Jammu and Kashmir Police believes Jaish-e-Mohammad behind Anantnag attack; Al-Umar Mujahideen just a cover to escape backlash

Even as Wednesday’s attack in south Kashmir that took the lives of five paramilitary soldiers was claimed by the Al-Umar Mujahideen, senior officials of the Jammu and Kashmir Police believe the attack was carried out by the Jaish-e-Mohammad.

According to a senior police official, the Al-Umar has claimed the attack despite not having a significant footprint in the Valley in the last decade. The Al-Umar at present lacks the cadres on the ground in Kashmir to mount an offensive. “The attacker was a Pakistani national, Al-Umar has no Pakistanis with them,” said a senior police official. “It is obviously the Jaish’s doing.”

 Jammu and Kashmir Police believes Jaish-e-Mohammad behind Anantnag attack; Al-Umar Mujahideen just a cover to escape backlash

Adviser to Jammu and Kashmir Governor K Vijay Kumar pays floral tributes to five CRPF personnel, who were killed on Wednesday. PTI

The Al-Umar is an old outfit formed by Kashmiri jihadist Mushtaq Zargar also known as Latram. Zargar was one of the three jihadists released by India in 1999 in exchange for the hijacked Indian Airlines flight 814 and has since been based in Pakistan-occupied Jammu and Kashmir. One among the other two was Maulana Masood Azhar who went on to carve out the Jaish from the Harkat-ul-Mujahideen.

Security officials in Kashmir believe the Al-Umar claimed the attack to ease off the backlash against the Jaish amid ongoing international scrutiny. On 1 May, this year, Azhar was declared a “global terrorist” by the United Nations.

Wednesday’s incident is a significant attack since the February bombing by the Jaish that brought India and Pakistan to the brink of war. Even in the aftermath of the bombing, pro-Pakistan jihadist outfits, particularly the Hizbul Mujahideen, had seemingly attempted to deflect attention from the Pakistan-based outfit by emphasising on the role of a local Kashmiri who took to arms to fight “against oppression”.

Prior to this attack, the Al-Umar had similarly claimed an attack on a police post in Srinagar, on 26 April this year, in which a police constable was critically injured. Two days later the police arrested a three-member module of the Jaish and held it responsible for the attack.

After the arrest of the Jaish cadres, the police superintendent in Srinagar, Haseeb Mughal, had said at a press conference: “We are investigating why a different outfit staked the claim for the attack [on April 26].”

Security officials in the Valley point out that a fidayeen strike “nullified” the hype given to the damage inflicted upon the Jaish. The security establishment had patted itself on the back last year on having eliminated the leadership and cadres of the Jaish but the outfit resurfaced to carry out the 14 February bombing this year.

Security forces killed 10 of the Jaish’s top jihadist commanders, including the mastermind of the suicide bombing, between 14 February and the end of the month and went on to focus its effort on eliminating the outfit’s cadre once again.

A little over two months after the suicide bombing, the Indian Army’s Srinagar-based Chinar Corps commander, Lieutenant General KJS Dhillon had said at a press conference that “the situation now is such that there is no one willing to take up the leadership of the JeM in the valley” after its leadership was targeted. “In spite of Pakistan’s best efforts, we will continue to suppress the JeM.”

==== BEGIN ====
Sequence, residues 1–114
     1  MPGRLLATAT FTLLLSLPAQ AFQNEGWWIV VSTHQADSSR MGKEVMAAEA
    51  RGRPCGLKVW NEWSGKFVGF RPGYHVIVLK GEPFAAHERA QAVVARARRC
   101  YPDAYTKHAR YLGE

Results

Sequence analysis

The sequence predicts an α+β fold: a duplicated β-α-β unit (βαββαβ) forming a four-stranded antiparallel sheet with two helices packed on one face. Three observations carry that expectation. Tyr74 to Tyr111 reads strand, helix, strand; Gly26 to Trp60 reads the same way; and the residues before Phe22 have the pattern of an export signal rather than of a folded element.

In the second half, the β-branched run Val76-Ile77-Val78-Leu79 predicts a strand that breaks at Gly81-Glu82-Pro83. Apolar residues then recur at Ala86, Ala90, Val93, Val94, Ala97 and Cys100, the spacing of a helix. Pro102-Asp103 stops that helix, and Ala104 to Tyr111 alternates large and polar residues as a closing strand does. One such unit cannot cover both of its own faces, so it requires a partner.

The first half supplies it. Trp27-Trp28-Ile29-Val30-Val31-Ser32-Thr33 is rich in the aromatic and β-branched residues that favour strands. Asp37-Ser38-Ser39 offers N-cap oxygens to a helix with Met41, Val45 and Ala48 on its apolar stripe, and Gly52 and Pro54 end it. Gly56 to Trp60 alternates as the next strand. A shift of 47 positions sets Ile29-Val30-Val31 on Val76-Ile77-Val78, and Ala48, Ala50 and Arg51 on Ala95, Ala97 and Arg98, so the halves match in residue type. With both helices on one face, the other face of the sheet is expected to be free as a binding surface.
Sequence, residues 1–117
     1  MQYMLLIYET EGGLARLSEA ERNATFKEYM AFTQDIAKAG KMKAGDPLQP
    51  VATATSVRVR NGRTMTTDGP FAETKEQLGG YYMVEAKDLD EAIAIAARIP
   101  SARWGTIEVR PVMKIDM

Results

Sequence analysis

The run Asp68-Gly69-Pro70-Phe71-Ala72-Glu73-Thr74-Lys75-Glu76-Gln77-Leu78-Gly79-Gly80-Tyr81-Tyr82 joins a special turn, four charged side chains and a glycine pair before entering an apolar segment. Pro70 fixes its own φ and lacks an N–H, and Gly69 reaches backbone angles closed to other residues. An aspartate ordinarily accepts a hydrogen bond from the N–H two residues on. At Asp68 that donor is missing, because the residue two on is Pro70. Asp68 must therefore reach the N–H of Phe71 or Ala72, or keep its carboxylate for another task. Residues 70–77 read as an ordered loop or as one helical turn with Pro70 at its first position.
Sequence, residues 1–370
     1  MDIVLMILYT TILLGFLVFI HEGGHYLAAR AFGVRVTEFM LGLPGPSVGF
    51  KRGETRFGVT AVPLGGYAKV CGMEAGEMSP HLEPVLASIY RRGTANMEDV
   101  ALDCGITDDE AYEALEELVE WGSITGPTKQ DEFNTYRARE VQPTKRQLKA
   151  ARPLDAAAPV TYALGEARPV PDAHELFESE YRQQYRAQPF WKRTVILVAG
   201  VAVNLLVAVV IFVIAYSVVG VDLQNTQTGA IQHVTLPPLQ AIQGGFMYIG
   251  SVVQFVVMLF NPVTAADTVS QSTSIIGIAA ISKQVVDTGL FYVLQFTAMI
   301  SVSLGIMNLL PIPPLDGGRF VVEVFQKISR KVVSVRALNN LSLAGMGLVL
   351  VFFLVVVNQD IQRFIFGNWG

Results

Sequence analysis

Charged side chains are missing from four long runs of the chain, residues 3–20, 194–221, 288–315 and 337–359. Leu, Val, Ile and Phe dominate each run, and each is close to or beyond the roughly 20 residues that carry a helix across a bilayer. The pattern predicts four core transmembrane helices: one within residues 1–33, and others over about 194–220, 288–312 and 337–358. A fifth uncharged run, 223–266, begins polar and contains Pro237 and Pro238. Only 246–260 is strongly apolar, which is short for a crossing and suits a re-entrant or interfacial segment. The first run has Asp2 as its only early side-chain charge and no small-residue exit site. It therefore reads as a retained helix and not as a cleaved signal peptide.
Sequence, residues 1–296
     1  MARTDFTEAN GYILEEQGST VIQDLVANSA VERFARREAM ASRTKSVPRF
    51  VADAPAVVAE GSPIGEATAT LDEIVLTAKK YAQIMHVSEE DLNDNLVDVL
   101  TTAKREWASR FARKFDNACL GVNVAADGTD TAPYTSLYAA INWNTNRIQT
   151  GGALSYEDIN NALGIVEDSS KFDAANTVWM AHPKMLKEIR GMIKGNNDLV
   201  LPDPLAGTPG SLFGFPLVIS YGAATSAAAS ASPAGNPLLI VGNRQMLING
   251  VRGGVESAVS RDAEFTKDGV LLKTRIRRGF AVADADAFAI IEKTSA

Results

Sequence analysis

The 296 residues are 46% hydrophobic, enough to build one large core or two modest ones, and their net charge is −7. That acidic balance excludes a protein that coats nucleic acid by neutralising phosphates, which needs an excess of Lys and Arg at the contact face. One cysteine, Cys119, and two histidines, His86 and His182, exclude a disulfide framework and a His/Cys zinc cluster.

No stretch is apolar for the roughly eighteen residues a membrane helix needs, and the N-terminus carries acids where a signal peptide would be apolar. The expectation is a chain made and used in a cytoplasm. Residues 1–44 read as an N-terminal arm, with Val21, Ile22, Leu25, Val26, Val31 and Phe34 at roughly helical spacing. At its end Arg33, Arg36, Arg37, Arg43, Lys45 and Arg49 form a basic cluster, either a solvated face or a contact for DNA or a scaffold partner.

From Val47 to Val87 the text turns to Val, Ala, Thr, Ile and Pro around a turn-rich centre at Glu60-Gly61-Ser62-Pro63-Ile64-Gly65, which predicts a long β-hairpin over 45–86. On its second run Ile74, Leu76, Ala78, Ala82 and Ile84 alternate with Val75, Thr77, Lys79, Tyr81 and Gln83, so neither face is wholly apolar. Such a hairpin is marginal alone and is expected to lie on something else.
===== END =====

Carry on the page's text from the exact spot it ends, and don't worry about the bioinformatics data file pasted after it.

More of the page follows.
In the aftermath of Wednesday’s attacks, however, the security establishment and the administration did not seem to be on the same page. While the police shied away from calling the attack fidayeen or suicidal attack, terming it a “stand-off firing attack”, the state’s central government appointed Governor, Satya Pal Malik went ahead to acknowledge it as a fidayeen attack.

“[W]henever successful attempts are made by the Security Forces to either conduct peaceful elections or continuous elimination of terrorists, the masterminds of terrorists from across the border order them to carry out fidayeen attacks on Forces and yesterday’s attack in Anantnag district was also a fidayeen attack,” Malik observed as per a government handout. “Governor noted that terrorists and their handlers should know that our resolve to eliminate this menace is unshakable.”

Security forces have, this year, killed at least 122 jihadists, of which only about 27 are foreigners, before this Wednesday’s attack and despite most operations focused against the Jaish, the outfit has once again managed to resurface. Eradicating the Jaish, security officials believe, is impossible to do from the Indian side alone.

Furthermore, security officials say, the replacement of ethnic Kashmiri police officers with non-local officers who lack the knowledge of local culture, religious nuances, and the militancy has led to increasing reliance on technological inputs rather than human intelligence. As such the police despite having failed in maintaining a human intelligence network off late, sources said, has achieved short term success but the face possible long term drawbacks even if there were rapid gains in the short term.

Ties with several “over ground workers” who had gradually entered into a relationship with the security forces were being severed over fears of a double cross, also not unheard of. While the security establishment may or may not have scored a self-goal by booting out Kashmiri officers, what is required in the current scenario, the official said, is an approach that involved both human and technological intelligence gathering in conducting operations.

Updated Date: Jun 14, 2019 12:17:49 IST